Despite growing awareness and acceptance of climate change around the world, it remains hard for much of the public to grasp the impact of these changes beyond warmer temperatures. Should carbon emissions continue at their current levels, the Earth's new climate will have consequences for agriculture and food supply, economics, flooding, drought, and even where people live. To help warn the public about these serious concerns, the UK's Foreign and Commonwealth Office released a graphic this week, the Human Dynamics of Climate Change map, which draws in part upon research at the CI's Center for Robust Decision Making on Climate and Energy Policy (RDCEP).
The map, available here, illustrates how our tightly interconnected world may amplify the ripples of climate change in different parts of the world. Rising sea levels in Asia and drought in South America, Australia, and Africa would affect food security and demand for water throughout the world, leading to economic crisis and global health catastrophe.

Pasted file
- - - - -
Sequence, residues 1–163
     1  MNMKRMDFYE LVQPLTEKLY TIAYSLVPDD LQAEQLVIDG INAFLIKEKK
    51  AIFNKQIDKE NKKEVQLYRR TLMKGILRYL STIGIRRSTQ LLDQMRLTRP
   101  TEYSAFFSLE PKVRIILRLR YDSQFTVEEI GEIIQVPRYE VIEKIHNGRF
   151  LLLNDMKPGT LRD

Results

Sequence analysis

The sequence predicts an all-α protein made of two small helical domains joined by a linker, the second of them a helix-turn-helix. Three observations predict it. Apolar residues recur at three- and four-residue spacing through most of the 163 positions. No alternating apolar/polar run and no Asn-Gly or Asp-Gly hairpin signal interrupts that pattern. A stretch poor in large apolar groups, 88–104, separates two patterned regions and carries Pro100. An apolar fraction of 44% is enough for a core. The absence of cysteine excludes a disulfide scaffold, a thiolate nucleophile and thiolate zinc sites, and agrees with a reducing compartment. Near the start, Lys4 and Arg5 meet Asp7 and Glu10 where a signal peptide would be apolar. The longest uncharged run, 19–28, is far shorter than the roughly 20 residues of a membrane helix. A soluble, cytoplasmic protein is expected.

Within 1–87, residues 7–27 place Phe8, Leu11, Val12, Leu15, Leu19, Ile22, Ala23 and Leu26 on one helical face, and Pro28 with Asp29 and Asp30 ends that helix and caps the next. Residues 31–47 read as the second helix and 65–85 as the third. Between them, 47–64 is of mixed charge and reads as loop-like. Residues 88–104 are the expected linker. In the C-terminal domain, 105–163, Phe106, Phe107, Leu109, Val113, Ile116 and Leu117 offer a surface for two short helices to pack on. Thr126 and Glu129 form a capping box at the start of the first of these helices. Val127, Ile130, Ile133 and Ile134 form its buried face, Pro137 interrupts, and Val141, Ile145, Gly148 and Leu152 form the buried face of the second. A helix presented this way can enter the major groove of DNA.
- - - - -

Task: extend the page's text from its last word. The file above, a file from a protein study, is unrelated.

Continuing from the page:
In a press release, UK Foreign Office Minister Mark Simmonds said, "This reinforces the point that climate change is a global problem: no country is immune, and we all need to work together to reduce the risks to our shared prosperity and security."
One of the poster's panels, on Future Change in Water Demand for Irrigation, draws upon work published by CI fellow Joshua Elliott last year on the effects of climate change upon global freshwater supplies. Other panels are based on work by the Agricultural Model Intercomparison and Improvement Project (AgMIP), an international collaboration that includes Elliott and other RDCEP researchers.
For much more information on the poster, including a detailed Q&A about the models and research behind the graphics, visit the UK Met Office's informational page.